Capital is as important as energy, in Kunstler’s analysis, and the debt bubbles of the past thirty years cannot be sustained, in his view. Each default, each failure, is the elimination of more and more capital, on top of the capital-destroying techniques used to hold the debt bubble at bay (zero interest rate policies, quantitative easing and the like). Less capital available will in turn impact production of the non-traditional and alternative energy sources, causing supply shortfalls — a feedback loop where each ratchet down on one side reduces the other.

Poor capital formation and debt has kept much needed maintenance from happening over the years. A road that experiences freeze-up in winter (most of North America) needs regular maintenance: twenty years later without it, you have a pile of rubble. (Twenty years of unused rail line and it’s still usable, albeit at slower speeds, one reason Kunstler supports expanding our use of conventional rail — rebuilding interurbans, expanding passenger service, restoring freight capabilities where lines have been torn up, etc.)

Instead, we have nonsense about energy independence (which ignores production issues and capital issues), “clean coal” and alternative energy systems (which are mostly at the R&D or small scale but haven’t been proven to scale), and the like.

Kunstler’s view is that our time is effectively up — the dies are cast, and we’re already living with the results. Our politics and our corporate world, on the other hand, reflects none of this — on any side.

Probably the single most scary thought he related came from his visit to the Google campus where he presented on The Long Emergency and they laughed him out of the room. “Dude, we have technology!” was the cry. The people there — smart people, creative people — couldn’t see that they, too, were part of an inter-related system, where things beyond their business affected their future.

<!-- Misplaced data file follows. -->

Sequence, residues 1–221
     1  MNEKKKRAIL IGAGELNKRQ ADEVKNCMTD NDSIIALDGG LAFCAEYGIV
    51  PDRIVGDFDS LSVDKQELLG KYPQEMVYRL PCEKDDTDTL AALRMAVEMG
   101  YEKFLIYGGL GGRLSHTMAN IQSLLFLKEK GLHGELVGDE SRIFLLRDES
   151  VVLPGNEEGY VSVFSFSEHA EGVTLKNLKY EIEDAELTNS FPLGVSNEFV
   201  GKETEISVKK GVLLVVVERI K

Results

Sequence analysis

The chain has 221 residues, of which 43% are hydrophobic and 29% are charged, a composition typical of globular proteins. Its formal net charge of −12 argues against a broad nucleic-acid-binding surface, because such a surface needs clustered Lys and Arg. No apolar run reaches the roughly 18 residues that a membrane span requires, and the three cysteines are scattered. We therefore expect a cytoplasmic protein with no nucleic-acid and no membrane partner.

Kunstler is not a “doomer” or a “survivalist”. He does think place matters — some places will do better than others, because of their built environment, their geography, their climate — and he does think scale will necessarily shrink as we continue to adjust to less free capital, less energy, more locality. For those who’ve heavily invested themselves in an untenable place, or who can’t conceive of big-scale institutions not being the measure of success, this is disturbing and doom-laden. But the fault lies in their conceptions, not in Kunstler’s ripping the curtain away and showing, not the wizard at work, but the hollowness of staying on a course that cannot succeed.

I recommend Too Much Magic highly. You won’t like it. It’ll irritate you beyond belief. But it may change your life in time to make a difference for you.

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2 Comments

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  1. I suggest that you read another book called TOO MUCH MAGIC that came out a year before Kunstler’s book. It is called “TOO MUCH MAGIC: Pulling the Plug on the Cult of Tech” by Jason Benlevi. It has much more original thesis about the digital one percent and the overwhelming influence they will have on our future. http://www.toomuchmagic.com